I have been lucky enough to secure a contract with Troy Books in Cornwall for a book based on the research I originally undertook to write WITCH – it will look at the various issues raised in the play, expand on them and examine how theatre may be used to preserve our social history whilst simultaneously making it more accessible.

I published my first children’s book in 2017. Written for my daughter in 2010, when she was three, Sammy’s Saturday Job has finally been released as a Kindle ebook.  It follows the tale of a little dragon who wants to be a firefighter. She gets a chance to help out, but it doesn’t go well and she needs to work out how to put things right. It encourages children to persevere and to think creatively about helping others. It also promotes inclusiveness by showing that being different doesn’t mean that you have nothing to offer.

Publishing this particular story means a great deal to me because the three year-old I wrote it for became a ten year-old who sat down with me and helped me to work out what illustrations I should draw for it and where they should go.  I can’t think of a better editing assistant.

Currently, as well as my WITCH non-fiction, I am working on a High Fantasy novel which tells the first instalment in the back-story of a character I created for a Dungeons & Dragons campaign I was involved in. Sometimes, a character will really capture your imagination and this is certainly the case with my feisty, independent elf Aamena. I am hoping that the book will be out in late 2018.

Social Media links

Facebook – www.facebook.com/TraceyNormansWITCHbook

www.facebook.com/TraceyNormanAuthor

Twitter – @WITCHplayCoS and @fireeyeschron

Websites – www.traceynormanswitch.com   and   www.thefireeyeschronicles.co.uk

Buy links

Secret Invasion (in aid of MIND): https://www.justgiving.com/fundraising/secretinvasion

Folklore and Fairy Tales Reimagined: https://www.amazon.co.uk/dp/B07728RXWS/ref=dp-kindle-redirect?_encoding=UTF8&btkr=1

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Many thanks to Tracey for popping by!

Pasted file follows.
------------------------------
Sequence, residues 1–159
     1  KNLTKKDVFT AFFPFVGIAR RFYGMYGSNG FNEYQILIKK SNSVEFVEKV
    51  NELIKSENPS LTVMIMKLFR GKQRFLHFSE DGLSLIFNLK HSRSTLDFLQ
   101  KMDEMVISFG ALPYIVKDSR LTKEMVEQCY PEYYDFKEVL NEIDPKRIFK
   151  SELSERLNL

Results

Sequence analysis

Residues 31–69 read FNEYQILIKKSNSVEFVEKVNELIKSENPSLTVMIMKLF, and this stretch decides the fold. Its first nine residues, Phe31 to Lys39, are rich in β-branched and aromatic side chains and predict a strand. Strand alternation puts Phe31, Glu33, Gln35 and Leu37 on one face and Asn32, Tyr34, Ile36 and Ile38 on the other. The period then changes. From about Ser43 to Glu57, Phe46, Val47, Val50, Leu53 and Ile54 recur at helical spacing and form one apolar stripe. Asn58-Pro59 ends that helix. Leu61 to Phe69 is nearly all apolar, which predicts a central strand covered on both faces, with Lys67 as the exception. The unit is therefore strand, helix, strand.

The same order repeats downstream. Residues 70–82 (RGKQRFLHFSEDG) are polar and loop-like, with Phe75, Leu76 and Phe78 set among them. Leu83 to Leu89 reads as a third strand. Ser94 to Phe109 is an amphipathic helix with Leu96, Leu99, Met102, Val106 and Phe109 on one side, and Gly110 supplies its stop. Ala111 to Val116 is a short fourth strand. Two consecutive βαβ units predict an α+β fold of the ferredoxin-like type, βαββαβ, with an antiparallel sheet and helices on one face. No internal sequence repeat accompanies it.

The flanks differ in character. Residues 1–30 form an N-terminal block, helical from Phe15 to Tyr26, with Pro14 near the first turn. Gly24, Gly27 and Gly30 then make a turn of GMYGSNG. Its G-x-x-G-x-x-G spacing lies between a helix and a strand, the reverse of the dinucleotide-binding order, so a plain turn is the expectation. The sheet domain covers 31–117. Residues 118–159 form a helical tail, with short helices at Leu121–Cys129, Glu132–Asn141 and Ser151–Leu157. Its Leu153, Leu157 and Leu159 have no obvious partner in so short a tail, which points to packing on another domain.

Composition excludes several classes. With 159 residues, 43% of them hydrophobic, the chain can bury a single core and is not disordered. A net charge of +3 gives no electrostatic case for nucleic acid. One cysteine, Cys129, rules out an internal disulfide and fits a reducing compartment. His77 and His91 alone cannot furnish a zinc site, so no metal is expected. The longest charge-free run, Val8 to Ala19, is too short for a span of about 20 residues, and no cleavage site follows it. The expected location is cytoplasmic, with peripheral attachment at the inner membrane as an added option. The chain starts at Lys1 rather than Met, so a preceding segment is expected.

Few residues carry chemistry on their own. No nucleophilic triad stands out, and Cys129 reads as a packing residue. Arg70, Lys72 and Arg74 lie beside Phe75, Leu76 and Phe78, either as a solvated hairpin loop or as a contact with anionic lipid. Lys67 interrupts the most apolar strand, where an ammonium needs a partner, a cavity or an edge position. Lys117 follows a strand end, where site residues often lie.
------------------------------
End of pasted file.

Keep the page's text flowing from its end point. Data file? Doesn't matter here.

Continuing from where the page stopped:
See you next week!

Happy reading,

Jenny xx


Opening Lines: A Few Bad Boys by Nicole

Opening Lines day is here! This week’s blog takes us into the world of hard boiled crime.

I’m delighted to welcome Nicole, to share the first 500 words (exactly) of her novel, A Few Bad Boys.

I am thrilled to be part of the Opening Lines Blog and am introducing you to my debut crime novel, A Few Bad Boys., which I published last year.  Like so many others, I had wanted to write a book for a long as I can remember and finally I achieved it.  My next novel, Survival At Any Cost will be published later this year.  After the sudden death of my husband, I found getting back to writing very therapeutic amongst the chaos that surrounded me.  People often find me an inspiration and I encourage anyone that wants to pursue their goals, even if they are not writing related.  Since it is my birthday week, A Few Bad Boys is available for only 99p/99c until Saturday 11th August 2018.

The first 500 words of A Few Bad Boys

As Lucy Fratelli lay on the cold bathroom floor, her head was spinning, she knew that she could not keep doing this. Her life had to change and it had to change now. She had been in this position too many times and Rob always said sorry and that he wouldn’t do it again, but he always did. The violence had started shortly after she let him move into her house. First it was a slap, then it was a punch, then it was kicking whilst she was lying helpless on the floor. How was she going to get away from him and get him to leave her house? She had lost consciousness this time and was feeling very sick. She wasn’t sure if the feeling of sickness was due to her head injury or due to the intolerable situation she had now found herself in.